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A combination of self reliance and reliance on the Lord, or what ETTE said:
By dog
11/19/2011 6:10:40 PM
ETTE said the following, and I think it's true (at least for me):

"The good news is that recovery is possible for even the most addicted people. A lot of people on here will tell you that you have to surrender to God, find the underlying problems, and try to avoid white knuckling if you want lasting sobriety. All of that is true, but it sounds to me like you're in a vicious cycle of addiction, and you might actually need to white nuckle for a little while before the steps will help. I know I've been in situations like that before. Here's my best advice on how to break free from a strong point of the addiction:

"Whenever I'm in a really bad cycle, the first thing I have to do is decide to quit. I have to realize that until I want to stop, I'm not going to stop. This is an act of sheer will power and determination.

"Once I have made up my mind that I am going to quit, I turn to God in sincere prayer and ask him to show me what I have to do to stay clean. I ask God this same question every time I pray until I feel like I have a good plan."

end of quote

He then tells how he compensates for brain chemistry lags (dopamine deficits) by doing physical exercises (running, weights, etc.) for the first few weeks of white knuckling, because for him, this is the toughest time.

The important thing is that his healing begins with a decision, with a firm determination not to do that thing again. I think that, for me at least, this is true: I need to white knuckle (self reliance) for a while, and after the Lord and I know I'm sincere, then he will help me and will give me strength to manage and to spare.

I have been in love with my addiction for many years. I have curried it like a favored English Thoroughbred horse, I have nurtured it and given it a thousand ways to thrive and branch out, I have cradled it close to my heart. I didn't want to let it go. Because it soothed the pain and made me forget my fears. And while I absolutely need to get to the roots of my fear and pain and sort those things out, I need to start simultaneously with a change of behavior.

I believe that the reason that my previous spiritual highs and periods of abstinence didn't endure was mainly because I didn't understand that my addiction (mb) was a way of medicating myself against the pains and hells of my life. And this is where the Savior's healing balm comes in, this is where the Atoning Sacrifice of the Lamb of God unravels and soothes the soul, this is where I must rely on my Redeemer.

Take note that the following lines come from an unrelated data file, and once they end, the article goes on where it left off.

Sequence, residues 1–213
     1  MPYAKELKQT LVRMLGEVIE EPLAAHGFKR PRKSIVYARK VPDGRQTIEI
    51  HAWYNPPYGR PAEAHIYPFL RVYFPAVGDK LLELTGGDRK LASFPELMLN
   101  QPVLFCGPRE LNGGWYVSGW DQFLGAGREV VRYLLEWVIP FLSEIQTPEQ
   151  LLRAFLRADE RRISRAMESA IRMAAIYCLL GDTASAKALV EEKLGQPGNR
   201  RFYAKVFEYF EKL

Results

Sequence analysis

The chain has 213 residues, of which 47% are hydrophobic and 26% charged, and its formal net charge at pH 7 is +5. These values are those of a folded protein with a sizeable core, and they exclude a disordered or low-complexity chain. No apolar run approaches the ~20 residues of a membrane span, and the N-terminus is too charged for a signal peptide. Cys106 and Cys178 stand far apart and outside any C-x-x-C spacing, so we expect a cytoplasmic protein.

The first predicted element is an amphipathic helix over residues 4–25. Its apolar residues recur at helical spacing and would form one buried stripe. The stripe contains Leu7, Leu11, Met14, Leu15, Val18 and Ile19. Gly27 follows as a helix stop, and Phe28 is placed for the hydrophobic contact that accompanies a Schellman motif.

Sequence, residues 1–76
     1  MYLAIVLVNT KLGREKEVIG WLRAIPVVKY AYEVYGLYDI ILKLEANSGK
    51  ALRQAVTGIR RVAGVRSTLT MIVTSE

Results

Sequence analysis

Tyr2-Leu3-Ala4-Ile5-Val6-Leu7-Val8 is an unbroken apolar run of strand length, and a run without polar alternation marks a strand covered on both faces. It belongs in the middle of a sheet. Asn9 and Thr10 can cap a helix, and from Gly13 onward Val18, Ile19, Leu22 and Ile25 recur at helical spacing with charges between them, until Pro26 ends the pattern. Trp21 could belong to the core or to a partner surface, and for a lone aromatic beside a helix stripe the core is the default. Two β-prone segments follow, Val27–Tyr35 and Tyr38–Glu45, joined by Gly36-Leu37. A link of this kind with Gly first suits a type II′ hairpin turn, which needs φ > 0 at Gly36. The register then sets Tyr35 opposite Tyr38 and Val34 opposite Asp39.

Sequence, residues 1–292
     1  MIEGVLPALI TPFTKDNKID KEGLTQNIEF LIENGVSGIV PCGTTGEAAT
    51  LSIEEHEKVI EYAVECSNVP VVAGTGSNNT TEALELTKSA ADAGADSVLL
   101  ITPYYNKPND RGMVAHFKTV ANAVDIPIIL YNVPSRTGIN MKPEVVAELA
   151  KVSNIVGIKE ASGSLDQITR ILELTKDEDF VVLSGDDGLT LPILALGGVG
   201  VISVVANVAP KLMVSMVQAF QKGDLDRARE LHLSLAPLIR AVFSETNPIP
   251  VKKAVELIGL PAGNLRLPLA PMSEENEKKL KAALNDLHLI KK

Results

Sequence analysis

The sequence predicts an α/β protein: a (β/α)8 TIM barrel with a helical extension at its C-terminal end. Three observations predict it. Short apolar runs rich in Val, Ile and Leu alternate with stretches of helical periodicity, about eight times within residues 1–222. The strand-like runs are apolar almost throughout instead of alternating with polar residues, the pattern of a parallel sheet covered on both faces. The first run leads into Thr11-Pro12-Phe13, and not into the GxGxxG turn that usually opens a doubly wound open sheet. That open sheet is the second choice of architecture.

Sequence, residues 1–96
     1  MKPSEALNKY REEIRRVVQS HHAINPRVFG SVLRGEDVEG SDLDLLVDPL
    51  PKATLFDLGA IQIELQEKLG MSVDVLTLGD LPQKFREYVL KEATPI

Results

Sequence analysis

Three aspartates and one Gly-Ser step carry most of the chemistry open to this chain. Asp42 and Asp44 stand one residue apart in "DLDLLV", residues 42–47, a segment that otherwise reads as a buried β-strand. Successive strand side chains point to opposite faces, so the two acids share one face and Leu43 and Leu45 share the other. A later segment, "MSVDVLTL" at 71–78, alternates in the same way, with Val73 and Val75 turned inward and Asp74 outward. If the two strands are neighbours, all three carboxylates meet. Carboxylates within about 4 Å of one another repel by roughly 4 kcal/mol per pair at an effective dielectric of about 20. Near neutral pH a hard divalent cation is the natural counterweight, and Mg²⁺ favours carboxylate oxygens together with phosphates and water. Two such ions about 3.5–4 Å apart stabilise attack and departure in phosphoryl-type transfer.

I went back to my addiction when things got tough because I relied on myself for the quickest, cheapest fix, rather than relying on the Lord's helping hand.

Now I understand that I a) have to let go of "The Jungle" (my PTSD), b) that I have to turn over the pains of the girls who have broken my heart to the Lord, c) that I must turn over the unspeakable degradations, moral outrages, and agonies that I have endured to the Lord d) I must forgive others, all others, from my heart, absolutely, totally, completely, and forever, and e) I must always know that I am completely reliant only on the merits of my Redeemer, Jesus Christ, for any good thing, and especially for healing.

But I must change my behavior at the same time, now. today, D-Day. D-Day for me means "Decision Day, Determination Day".

Comments:

This is a good Dog!    
"Love this post. Prayers to you. You are on the right track."
posted at 01:32:26 on November 20, 2011 by Hero
Great post    
"I needed to hear this.
thanks."
posted at 10:47:43 on November 21, 2011 by gracefull


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"Nothing is beyond [Christ’s] redeeming reach or His encircling empathy. Therefore, we should not complain about our own life’s not being a rose garden when we remember who wore the crown of thorns! Having bled at every pore, how red His raiment must have been in Gethsemane, how crimson that cloak! No wonder, when Christ comes in power and glory, that He will come in reminding red attire, signifying not only the winepress of wrath, but also to bring to our remembrance how He suffered for each of us in Gethsemane and on Calvary!"

— Neal A. Maxwell

General Conference May 1987